By now, we all know that the Huffington Post represents the zombification of medical news—interesting ideas are taken, eviscerated of any real meaning, their innards replaced with pablum, and the reanimated creature set loose on the world.
Reanimation of the undead is, it would seem, a rather addictive behavior, because HuffPo just keeps at it. Another one of their fake experts is “Dr” John Neustadt. The scare quotes indicate that John is not a doctor in any recognized sense: he’s a “naturopathic doctor”, representing a fringe, vitalistic health cult. But that fact isn’t made clear. He’s presented as “Dr” so that we might assume that he is the real deal.
Anyway, Mr. Neustadt is apparently a proponent of “functional medicine”, another medical cult whose purpose is vague, but probably involves taking your money. Wally Sampson has begun an analysis of this curious set of beliefs but let’s look at some of Neustadt’s specific claims.
Neustadt claims that we have a problem with medical education in this country, an assertion I can get behind. The high cost of medical education, combined with the system we use to reimburse doctors actively discourages bright, young students from pursuing primary care. But that’s not the same problem he sees.
The current system teaches disease management and symptom suppression, which is insufficient to meet our healthcare needs. A reformed system needs a new paradigm that stresses health promotion and treatments that attempt to correct the underlying causes of disease.
Anytime someone uses the “P” word, my bullshit detector perks up. What would this new paradigm be? Does he even know what a paradigm is? Usually, paradigm is not defined as, “a new idea that I just pulled out of my ass.” Is he really so uneducated that he thinks that primary care physicians (PCPs) don’t stress “health promotion”, or that we don’t try to correct “underlying causes of disease”? What does that even mean? Some diseases are more or less amenable to this type of thinking. Genetic diseases such as cystic fibrosis and sickle cell disease cannot have their “underlying cause” corrected, or at least not in any way that Mr. Neustadt would accept. The underlying cause of sickle cell disease can be “corrected” with a bone marrow transplant, but this difficult and dangerous procedure is not usually used. Many diseases, such as type II diabetes, are a product of genetics and environment, and while some of these factors can be modified, others cannot.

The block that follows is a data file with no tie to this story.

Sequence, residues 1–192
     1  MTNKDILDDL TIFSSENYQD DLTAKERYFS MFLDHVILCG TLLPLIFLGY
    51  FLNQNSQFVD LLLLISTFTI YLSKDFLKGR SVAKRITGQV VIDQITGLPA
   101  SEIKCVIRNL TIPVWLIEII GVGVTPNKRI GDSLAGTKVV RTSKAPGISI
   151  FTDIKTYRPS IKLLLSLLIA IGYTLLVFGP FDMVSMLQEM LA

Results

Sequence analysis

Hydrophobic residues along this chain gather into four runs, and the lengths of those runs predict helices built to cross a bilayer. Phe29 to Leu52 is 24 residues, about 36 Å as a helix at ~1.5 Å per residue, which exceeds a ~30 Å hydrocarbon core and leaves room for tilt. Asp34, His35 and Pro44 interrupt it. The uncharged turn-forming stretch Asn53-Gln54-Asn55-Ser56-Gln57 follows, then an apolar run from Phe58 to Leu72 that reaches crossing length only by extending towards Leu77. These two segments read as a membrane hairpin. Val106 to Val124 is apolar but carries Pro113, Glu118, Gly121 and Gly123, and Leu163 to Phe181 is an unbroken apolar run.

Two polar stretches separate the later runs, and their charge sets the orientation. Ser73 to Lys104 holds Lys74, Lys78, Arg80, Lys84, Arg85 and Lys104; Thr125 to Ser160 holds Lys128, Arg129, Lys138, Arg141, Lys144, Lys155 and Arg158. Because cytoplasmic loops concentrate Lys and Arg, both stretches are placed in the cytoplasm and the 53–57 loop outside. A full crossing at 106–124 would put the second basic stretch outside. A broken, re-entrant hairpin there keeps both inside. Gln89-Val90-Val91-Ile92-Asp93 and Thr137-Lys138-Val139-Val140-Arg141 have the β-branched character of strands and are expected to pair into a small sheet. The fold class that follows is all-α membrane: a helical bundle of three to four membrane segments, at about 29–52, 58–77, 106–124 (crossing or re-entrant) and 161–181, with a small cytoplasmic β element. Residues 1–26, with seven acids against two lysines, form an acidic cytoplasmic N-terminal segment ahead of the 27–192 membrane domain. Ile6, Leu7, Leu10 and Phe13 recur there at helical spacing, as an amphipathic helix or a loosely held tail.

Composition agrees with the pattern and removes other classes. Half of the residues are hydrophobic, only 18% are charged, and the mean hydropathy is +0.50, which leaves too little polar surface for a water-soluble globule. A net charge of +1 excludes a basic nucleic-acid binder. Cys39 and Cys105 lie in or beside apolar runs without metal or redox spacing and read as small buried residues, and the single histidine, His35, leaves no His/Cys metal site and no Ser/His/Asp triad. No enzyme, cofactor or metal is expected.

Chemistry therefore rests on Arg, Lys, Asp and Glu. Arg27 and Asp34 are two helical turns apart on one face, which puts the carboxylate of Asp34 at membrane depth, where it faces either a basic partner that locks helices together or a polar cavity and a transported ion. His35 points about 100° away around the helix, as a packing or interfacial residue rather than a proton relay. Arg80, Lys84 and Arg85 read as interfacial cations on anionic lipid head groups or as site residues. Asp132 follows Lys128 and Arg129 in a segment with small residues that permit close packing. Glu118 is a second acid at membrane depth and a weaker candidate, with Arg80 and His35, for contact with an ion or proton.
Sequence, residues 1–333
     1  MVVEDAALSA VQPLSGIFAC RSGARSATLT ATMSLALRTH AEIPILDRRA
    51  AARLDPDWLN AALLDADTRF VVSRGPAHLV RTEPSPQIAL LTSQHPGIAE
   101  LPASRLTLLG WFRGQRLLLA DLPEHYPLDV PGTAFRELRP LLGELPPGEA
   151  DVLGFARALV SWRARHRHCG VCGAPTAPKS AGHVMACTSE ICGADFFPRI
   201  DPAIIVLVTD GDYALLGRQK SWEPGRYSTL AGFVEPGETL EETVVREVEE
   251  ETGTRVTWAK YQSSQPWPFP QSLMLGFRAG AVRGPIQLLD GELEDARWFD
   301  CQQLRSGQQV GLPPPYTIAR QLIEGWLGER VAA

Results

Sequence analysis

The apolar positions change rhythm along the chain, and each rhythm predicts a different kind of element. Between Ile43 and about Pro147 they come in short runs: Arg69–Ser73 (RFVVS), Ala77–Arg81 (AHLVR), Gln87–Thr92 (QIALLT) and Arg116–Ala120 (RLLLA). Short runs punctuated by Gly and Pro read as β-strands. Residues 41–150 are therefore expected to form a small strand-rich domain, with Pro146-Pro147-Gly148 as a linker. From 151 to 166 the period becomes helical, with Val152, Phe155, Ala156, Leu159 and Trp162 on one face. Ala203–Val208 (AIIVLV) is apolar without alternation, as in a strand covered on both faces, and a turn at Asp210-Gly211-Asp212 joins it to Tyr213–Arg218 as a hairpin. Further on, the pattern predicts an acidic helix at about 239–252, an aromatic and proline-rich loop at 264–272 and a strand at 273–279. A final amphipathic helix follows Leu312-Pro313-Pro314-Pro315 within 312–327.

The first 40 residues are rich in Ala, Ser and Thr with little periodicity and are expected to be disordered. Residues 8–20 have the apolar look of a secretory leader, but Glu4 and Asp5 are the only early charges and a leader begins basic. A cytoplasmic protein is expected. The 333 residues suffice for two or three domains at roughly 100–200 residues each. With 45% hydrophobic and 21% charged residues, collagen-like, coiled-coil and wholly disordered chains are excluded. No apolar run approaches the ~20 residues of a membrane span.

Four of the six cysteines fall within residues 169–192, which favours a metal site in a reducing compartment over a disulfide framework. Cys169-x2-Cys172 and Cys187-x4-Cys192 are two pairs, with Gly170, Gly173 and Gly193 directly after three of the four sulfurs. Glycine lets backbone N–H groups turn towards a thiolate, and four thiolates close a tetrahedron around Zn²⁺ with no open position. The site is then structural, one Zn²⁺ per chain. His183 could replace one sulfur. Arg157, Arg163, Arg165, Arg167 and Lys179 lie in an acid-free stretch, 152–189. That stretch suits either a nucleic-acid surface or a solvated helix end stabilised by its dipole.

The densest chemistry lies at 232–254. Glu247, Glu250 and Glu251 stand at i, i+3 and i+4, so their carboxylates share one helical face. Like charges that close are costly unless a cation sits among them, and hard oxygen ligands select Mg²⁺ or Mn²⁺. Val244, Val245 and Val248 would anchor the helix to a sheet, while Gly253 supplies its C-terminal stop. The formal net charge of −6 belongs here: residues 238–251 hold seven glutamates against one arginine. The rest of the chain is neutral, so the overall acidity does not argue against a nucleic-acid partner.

While no one can dispute that these professionals [PCPs] work exceedingly hard, they are hampered by two major failings of conventional medical education philosophy: 1) it focuses on suppressing symptoms with drugs, which are considered the primary and only legitimate treatment modality; and 2) it doesn’t teach how to treat the underlying causes of disease
Huh? That Mr. Neustadt believes this is a marker of his own ignorance rather than a failing of our medical education system. “Suppressing symptoms with drugs” is not necessarily a bad thing. Let’s take a few examples. Kidney stones hurt—a lot. Should we treat this pain? Does he believe that after we have identified a patient as being prone to kidney stones we don’t go after the cause? Low back pain hurts. We treat the pain with drugs, when necessary, but we also teach proper back care. This is pretty basic stuff. What about coronary heart disease? Our knowledge of its underlying causes has revolutionized primary, secondary, and tertiary prevention of heart attacks. Failing to understand these basic ideas disqualifies Neustadt from having an opinion that won’t get him laughed out of the room.
Once again, HuffPo and it’s merry band of fake experts is using their own ignorance to spread false ideas about health and disease. They should be ashamed.
But of course, they have no shame.